NASA’s newly released video archives contain a skyfull of goodies

Feast your eyes on the friendly skies.

The Sr-71 is the fastest plane to enter military service. In the video released by NASA, it practices flying slow enough to refuel from an aerial tanker.

NASA is forever linked to space, a plucky government agency bravely hurtling people and robots into the great beyond. Yet the agency has always had as much of an earth-bound mission as an outer space one. The “Aeronautics” at NASA may get short shrift, but with 300 videos of archival aviation tests released online this week, there’s plenty of airborne excitement waiting for viewers.

There are drop tests of the X-1, the first plane to break the speed of sound in level flight.

There are daring feats of aerial logistics, like this supersonic SR-71 spy plane refueling mid-air.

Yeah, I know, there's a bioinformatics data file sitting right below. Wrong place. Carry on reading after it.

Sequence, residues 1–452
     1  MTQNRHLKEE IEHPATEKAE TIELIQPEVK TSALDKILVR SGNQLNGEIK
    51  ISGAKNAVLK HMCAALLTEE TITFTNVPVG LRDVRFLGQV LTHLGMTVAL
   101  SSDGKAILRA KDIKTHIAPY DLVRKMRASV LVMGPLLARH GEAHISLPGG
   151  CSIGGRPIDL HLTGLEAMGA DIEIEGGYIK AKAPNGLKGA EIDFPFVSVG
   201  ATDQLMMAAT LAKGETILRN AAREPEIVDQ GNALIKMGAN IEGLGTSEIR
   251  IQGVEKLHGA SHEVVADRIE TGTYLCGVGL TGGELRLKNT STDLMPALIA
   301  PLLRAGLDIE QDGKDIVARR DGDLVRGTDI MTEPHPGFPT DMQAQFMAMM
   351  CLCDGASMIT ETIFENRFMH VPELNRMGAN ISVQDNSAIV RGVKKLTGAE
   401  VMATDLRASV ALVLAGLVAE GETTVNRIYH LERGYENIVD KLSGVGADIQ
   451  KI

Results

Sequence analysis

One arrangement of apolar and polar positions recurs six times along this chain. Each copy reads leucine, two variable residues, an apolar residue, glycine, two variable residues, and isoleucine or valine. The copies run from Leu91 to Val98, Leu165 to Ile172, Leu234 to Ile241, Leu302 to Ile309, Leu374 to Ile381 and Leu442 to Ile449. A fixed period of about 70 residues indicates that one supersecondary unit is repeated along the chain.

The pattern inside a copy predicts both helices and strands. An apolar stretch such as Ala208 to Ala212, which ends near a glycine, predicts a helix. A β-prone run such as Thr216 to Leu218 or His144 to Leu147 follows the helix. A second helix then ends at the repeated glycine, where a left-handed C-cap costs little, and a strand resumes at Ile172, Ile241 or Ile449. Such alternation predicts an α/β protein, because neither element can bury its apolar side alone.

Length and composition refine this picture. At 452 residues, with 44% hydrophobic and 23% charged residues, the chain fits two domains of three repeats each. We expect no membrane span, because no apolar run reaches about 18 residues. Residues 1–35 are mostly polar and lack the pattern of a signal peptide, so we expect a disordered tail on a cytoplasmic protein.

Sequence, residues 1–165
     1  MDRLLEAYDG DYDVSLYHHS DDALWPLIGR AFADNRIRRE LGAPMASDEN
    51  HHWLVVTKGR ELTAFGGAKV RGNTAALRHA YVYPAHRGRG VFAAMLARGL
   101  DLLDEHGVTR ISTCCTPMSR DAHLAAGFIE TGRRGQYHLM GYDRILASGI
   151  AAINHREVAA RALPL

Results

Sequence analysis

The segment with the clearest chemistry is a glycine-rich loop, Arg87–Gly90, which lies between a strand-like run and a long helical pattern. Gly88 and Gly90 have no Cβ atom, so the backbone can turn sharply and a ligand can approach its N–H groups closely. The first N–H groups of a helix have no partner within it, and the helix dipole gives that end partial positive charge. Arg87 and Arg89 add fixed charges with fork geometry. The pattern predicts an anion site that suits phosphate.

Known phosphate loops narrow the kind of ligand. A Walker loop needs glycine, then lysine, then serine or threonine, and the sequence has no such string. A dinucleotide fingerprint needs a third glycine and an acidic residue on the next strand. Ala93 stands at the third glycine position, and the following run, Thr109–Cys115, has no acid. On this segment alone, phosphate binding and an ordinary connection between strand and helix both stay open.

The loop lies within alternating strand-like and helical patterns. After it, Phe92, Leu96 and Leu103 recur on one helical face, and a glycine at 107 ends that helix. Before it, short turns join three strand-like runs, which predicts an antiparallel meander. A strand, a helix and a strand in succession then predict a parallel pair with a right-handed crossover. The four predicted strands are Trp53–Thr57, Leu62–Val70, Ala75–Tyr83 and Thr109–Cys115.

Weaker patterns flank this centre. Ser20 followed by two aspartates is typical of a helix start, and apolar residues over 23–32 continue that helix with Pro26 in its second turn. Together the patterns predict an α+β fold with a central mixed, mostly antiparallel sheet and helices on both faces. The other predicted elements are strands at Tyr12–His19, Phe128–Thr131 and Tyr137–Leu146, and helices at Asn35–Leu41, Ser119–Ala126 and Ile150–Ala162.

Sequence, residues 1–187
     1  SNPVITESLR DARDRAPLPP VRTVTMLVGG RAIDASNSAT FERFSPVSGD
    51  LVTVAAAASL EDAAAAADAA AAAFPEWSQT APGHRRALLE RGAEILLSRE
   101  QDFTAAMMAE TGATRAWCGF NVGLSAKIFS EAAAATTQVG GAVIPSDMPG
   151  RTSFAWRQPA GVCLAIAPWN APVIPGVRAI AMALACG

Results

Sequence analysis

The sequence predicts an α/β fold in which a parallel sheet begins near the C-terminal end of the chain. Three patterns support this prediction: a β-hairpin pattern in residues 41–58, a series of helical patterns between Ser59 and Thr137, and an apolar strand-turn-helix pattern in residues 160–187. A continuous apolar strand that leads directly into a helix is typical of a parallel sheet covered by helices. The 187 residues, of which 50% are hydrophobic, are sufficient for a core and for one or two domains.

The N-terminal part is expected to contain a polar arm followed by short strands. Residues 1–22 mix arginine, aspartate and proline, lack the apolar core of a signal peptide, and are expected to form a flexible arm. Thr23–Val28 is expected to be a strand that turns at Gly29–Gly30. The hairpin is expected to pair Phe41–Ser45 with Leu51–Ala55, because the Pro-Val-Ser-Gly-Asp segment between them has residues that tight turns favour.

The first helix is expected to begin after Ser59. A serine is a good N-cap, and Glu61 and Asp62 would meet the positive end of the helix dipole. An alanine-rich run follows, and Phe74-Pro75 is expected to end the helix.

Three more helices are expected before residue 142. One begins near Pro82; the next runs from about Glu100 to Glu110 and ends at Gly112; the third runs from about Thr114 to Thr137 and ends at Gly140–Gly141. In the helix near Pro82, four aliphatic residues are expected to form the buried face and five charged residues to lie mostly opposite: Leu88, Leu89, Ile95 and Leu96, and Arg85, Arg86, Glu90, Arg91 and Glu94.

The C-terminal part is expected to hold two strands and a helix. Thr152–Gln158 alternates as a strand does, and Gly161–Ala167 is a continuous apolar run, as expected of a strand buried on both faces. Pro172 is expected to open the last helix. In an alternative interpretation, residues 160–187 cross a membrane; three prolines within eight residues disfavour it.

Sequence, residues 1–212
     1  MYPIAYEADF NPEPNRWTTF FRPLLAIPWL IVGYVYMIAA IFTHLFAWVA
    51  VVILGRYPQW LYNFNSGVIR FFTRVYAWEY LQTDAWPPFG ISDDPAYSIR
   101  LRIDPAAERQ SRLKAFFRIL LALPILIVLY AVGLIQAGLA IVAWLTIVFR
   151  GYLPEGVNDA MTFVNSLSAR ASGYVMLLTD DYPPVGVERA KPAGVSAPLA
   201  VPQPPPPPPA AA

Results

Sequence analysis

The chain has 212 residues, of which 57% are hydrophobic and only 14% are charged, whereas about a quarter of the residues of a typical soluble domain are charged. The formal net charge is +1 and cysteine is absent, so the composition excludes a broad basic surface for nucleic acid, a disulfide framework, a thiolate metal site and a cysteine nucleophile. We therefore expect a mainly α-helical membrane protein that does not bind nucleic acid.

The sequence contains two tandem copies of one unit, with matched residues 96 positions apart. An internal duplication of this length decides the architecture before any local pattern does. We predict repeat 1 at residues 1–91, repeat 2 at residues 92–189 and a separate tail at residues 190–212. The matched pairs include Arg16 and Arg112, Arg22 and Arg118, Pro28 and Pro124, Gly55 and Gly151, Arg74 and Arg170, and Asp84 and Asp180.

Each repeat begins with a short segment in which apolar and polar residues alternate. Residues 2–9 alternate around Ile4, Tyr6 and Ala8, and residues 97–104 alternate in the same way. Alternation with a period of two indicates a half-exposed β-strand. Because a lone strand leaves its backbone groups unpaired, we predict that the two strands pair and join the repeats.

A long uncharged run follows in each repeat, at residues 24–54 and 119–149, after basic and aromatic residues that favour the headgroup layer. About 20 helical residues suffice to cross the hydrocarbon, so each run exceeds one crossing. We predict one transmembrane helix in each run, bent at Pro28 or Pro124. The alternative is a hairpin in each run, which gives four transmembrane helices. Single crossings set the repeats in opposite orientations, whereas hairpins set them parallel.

There are early drone tests.

And vertical takeoff footage from the 1980s, before the V-22 Osprey became a mainstay of the modern military.

There’s even footage of experimental spacecraft like the X-40A, learning how to fly through the sky so it can successfully reenter the atmosphere after space missions.

The archive is a delight to explore, and only partially complete. NASA says it has about 200 more videos to release, all snippets into the skies of future past.

Kelsey D. Atherton
Kelsey D. Atherton

is a defense technology journalist based in Albuquerque, New Mexico. His work on drones, lethal AI, and nuclear weapons has appeared in Slate, The New York Times, Foreign Policy, and elsewhere.